More recently, my husband caused me to need a whole new panel on my little silver BMW. He’d very kindly put my car into the garage for me but it wasn’t at the angle I normally drive it in. Consequently, when reversing out at my usual angle, I knocked the wing mirror. This would have been alright – a new wing mirror was all that was needed – but for some reason, before I could get it to the BMW garage, the wing mirror decided to totally give up the ghost and die and sort of collapsed, wires hanging out, onto the door causing a bit of a dent. OK, still not too bad – only a new door needed. I’m still not convinced as to why, eventually, I had to have a whole new side in order to match the door. But, as I say, not my fault.

Driving my husband’s brand-new new car down the M62 while planning my daughter’s birthday party was the nearest I’ve come to my own demise (that I am aware of, anyway.) I accept full responsibility for pulling out into the fast lane without looking and fully concede that the poor man coming up behind me needed to frighten me half to death with his horn, but I don’t accept that it was my fault when, now shaken and terrified, I lost my nerve at the next roundabout and, instead of going out into the roundabout traffic, I hesitated, hit the brakes and the man behind went up my rear. When someone hits you from behind, I was always told, it must necessarily be them to blame. My husband was very kind to said driver on the phone that night. He wasn’t very kind to me.

In my own garden I have reversed into a builder’s skip (again, not my fault, I most indignantly told my husband – the reversing bleeper thingy didn’t bleep. He did point out that the skip was of huge proportions, lumimous yellow and anybody reversing into that must be blind – or daft – or both) and my cleaning lady’s huge farm land-rover. She needed a whole new wing; there was not a dent to mine. Which must prove something.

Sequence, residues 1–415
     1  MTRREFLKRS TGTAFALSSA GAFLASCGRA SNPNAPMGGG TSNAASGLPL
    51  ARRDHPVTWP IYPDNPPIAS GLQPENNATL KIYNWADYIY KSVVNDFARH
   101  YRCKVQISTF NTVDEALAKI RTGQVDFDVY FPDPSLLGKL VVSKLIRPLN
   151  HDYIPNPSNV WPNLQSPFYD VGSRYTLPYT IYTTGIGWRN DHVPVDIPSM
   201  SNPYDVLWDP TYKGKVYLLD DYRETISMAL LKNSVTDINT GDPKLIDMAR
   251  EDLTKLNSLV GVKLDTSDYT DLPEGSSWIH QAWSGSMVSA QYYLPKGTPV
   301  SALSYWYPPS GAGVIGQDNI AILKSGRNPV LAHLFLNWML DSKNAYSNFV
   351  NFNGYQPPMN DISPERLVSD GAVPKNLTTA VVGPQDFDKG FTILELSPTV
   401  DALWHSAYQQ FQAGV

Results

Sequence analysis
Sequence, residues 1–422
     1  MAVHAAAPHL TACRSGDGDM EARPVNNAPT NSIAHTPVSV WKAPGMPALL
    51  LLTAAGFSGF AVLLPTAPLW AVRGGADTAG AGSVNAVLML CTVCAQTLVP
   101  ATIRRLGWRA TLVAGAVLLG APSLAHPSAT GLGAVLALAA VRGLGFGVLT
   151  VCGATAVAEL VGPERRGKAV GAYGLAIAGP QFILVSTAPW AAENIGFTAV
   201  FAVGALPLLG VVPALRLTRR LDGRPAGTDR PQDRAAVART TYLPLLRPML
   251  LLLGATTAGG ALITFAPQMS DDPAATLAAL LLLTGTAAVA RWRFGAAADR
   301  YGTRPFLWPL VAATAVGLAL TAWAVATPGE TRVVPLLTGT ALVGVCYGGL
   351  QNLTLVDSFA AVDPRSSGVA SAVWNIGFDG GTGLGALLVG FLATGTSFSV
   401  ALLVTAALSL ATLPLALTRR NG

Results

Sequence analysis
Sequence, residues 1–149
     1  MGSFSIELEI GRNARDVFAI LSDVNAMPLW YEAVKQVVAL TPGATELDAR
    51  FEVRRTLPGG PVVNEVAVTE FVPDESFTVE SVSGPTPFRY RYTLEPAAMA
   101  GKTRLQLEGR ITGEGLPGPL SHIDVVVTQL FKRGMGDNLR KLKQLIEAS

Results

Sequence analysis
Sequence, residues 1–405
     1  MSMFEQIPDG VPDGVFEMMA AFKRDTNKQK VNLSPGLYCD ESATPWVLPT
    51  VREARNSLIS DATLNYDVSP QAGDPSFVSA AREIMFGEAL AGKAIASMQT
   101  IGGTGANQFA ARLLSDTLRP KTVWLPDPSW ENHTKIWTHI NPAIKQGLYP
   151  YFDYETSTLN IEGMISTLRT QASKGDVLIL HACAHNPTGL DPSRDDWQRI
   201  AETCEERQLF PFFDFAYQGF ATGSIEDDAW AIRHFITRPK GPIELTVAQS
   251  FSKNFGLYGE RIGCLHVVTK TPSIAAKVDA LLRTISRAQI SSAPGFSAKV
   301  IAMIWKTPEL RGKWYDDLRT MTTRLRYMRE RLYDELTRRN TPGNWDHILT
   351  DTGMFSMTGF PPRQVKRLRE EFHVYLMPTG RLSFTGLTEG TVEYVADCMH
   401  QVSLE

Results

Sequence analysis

My last car lost its left side when, avoiding a double-decker bus (a Yorkshire one this time) I went into a wall, its back side in Harrogate when the guy behind me at the traffic lights drove into me (what is it with men and my rear?) and its rightLit_bollard_in_traffic_island_UK side when, with the low winter-afternoon sun in my eyes, I mounted a bollard hidden by roadworks.

Which brings me neatly to bollards. My present car (for anyone who might be thinking of buying it if I ever put it up for sale) has really behaved itself and managed to skirt round all double-decker buses, skips, bollards and ladies armed with dusters and polish.

Until last Friday night that is.

I was trying to get to a friend’s house where she was hosting a pink-ladies do for breast cancer. I missed the turn off for her road but knew all I had to do was execute (driving-test-examiner-speak) a u-turn at the bollard in the road and be back on the main road before taking the first left onto her road. If I could draw a picture on here I would, but unfortunately my ability to draw ranks lower than my ability to avoid bollards. The next thing I knew I was stranded on a concrete plinth in the middle of the road. I honestly could not work out what had happened. The bollard I’d gone round was still sitting smugly in the road – intact.
‘The second bollard’s been nicked,’ said the nice young man who drew up at the side of me on his motorbike.
‘Well that is helpful,’ I said, my car now balancing very much in manner of a see-saw. Not quite The Italian Job but well on its way. Quite a crowd gathered as we tried to work out the best way forward – or backward depending on whose advice would best get me off the bollocking bollard! Thanks to three strong young men who flexed their Friday evening muscles and, with a one, two, three, lifted the car clear of the concrete plinth, I was able to carry on my way.
‘You can see, it wasn’t my fault,’ I said to the gathered crowd. ‘Someone nicked the bollard.’
The more-muscled of the nice young men handed me the bits of broken plastic from underneath my car, shook his head and said, ‘You’re a blonde.’

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January 29, 2014 · 10:34 am